Two Countries Separated by a Common Language

Pond Business: How to Succeed Across the Atlantic

Excerpt from Chapter 1 of “Pond Business: How to Succeed Across the Atlantic” by Mark Sutherland, available from Dunrobin Publishing on Amazon and Amazon UK and in bookstores in the UK and the US.

When I first came to America in 1989, I was met by many interesting and memorable questions. Deep questions of such an esoteric nature that it caused you to pause and contemplate deeply before answering. Brilliant questions such as “Did you drive here?” and “Do they have radios in England?” plus “Isn’t that near Canada?” and my absolute favorite, “What language do they speak in England?”

Thankfully those stunning questions were asked by the minority of Yanks, but it did drive home for me the fact that Americans, as a whole, don’t know much about the UK. And vice versa, I knew little to nothing about the US. My only knowledge of the US, and Missouri where I settled, before setting foot in America was a stunning plethora of educational information as found on the A-Team, the Dukes of Hazard, the television show Dallas, and a travel show on BBC2 that introduced British audiences to St. Louis, Missouri, as the home of brain sandwiches, frozen custard, Budweiser, a big Arch, theme parks, and gospel singers on local television broadcasting from their furniture store.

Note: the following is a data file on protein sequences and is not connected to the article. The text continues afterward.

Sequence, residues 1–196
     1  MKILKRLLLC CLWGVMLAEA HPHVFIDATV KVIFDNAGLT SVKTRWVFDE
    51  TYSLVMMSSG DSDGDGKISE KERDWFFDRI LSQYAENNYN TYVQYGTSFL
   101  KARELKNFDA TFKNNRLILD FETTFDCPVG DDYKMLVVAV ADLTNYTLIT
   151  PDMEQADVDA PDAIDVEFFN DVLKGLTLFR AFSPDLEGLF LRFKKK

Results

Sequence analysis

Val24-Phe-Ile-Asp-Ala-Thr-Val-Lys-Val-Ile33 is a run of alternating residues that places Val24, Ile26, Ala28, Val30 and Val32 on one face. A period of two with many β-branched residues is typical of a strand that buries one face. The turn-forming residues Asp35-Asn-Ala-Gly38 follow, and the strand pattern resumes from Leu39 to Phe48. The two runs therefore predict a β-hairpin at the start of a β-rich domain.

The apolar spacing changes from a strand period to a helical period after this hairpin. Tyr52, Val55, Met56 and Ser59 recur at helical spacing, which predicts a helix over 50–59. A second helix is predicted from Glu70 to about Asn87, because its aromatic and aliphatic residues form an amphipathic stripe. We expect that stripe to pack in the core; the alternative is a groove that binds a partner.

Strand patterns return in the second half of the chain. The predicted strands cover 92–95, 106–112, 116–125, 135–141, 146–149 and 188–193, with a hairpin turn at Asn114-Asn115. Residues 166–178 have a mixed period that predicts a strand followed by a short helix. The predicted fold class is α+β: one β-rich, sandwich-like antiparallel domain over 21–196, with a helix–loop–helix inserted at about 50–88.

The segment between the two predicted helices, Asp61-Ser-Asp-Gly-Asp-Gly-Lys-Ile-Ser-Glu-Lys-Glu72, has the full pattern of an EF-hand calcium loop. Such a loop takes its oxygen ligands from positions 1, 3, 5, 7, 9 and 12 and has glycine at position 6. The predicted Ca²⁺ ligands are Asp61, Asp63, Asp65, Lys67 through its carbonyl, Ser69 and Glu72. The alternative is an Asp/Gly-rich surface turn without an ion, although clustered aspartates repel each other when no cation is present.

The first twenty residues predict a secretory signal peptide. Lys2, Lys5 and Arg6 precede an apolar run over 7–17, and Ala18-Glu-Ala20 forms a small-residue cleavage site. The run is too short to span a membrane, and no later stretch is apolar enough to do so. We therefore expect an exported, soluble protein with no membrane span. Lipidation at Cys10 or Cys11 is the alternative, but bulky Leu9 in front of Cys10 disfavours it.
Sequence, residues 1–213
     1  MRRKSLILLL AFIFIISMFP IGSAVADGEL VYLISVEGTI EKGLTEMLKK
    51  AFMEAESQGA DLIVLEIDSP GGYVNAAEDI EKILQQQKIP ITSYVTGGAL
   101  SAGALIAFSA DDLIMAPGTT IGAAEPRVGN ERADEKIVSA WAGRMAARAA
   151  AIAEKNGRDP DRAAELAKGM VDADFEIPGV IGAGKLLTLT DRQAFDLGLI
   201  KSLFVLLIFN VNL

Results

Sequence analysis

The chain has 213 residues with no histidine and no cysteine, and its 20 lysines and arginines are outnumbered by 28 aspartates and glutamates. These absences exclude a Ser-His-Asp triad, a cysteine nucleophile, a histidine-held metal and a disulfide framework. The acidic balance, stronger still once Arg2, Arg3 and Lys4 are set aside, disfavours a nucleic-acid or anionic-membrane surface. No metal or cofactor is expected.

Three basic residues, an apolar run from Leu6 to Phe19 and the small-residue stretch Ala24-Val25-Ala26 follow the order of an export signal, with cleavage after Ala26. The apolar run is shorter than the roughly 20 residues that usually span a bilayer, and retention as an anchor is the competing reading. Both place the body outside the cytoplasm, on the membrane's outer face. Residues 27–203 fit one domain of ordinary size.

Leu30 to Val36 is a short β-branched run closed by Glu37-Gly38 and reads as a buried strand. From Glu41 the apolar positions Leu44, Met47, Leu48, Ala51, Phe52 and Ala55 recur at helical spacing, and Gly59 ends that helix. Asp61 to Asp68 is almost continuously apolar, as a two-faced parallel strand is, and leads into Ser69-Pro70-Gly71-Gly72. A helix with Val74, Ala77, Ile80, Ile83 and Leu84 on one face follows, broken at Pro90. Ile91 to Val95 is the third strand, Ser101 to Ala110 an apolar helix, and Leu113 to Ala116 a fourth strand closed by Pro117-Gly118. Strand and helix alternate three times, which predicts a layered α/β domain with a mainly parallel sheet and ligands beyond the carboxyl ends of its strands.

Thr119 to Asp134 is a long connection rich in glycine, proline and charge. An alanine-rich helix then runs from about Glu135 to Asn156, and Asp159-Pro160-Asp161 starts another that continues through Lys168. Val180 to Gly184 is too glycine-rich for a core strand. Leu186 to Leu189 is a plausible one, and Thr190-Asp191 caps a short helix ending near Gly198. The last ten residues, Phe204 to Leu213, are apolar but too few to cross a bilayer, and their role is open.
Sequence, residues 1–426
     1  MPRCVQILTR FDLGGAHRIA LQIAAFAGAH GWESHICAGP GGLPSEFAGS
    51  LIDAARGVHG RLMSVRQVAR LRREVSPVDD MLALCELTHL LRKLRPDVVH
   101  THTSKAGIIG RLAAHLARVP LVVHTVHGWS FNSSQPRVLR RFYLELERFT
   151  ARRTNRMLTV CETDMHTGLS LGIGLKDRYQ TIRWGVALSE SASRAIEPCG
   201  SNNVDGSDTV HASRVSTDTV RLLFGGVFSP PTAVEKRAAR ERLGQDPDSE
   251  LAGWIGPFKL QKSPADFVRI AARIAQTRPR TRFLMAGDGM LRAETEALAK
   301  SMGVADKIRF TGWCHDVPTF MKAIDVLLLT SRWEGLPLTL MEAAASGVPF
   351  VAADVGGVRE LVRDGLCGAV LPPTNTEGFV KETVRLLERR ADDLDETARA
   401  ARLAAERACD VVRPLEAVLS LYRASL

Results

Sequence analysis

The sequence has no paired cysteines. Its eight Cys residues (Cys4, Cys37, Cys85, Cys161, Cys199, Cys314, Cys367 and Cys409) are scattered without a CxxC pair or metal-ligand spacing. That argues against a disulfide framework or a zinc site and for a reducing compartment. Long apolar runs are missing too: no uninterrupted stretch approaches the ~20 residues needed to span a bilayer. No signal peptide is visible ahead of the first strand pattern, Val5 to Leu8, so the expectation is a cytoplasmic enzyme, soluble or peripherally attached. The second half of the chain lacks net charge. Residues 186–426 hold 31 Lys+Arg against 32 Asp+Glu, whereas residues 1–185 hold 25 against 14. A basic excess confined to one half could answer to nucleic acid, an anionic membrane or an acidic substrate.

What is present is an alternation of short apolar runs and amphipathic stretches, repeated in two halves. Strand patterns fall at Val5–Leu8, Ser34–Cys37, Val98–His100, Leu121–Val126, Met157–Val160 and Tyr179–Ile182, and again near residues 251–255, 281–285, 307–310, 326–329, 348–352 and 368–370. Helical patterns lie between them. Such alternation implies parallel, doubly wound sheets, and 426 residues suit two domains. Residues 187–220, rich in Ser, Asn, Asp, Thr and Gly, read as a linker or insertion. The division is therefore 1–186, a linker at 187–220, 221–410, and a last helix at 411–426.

Both my perspective and the perspectives of the first Americans I met were nowhere near reality. This has thankfully improved over the decades since, especially in my adopted home town of St. Louis, Missouri, which has become quite an international city with many flavors from all over the world—including the UK.

But what is real is that sometimes the communication between a Yank and a Brit can still be completely full of misunderstandings or false assumptions—due to the very words used. We hear them, and think we are speaking the same language. The words used in either country and culture sound similar, most of the time, but the meaning behind them should never be assumed. Because sometimes, just sometimes, they don’t mean what you think they mean.

You can read more about my cross-Pond experiences and insights on how to succeed in your cross-Pond business ventures from corporate, governmental and organizational leaders in both countries in “Pond Business: How to Succeed Across the Atlantic.”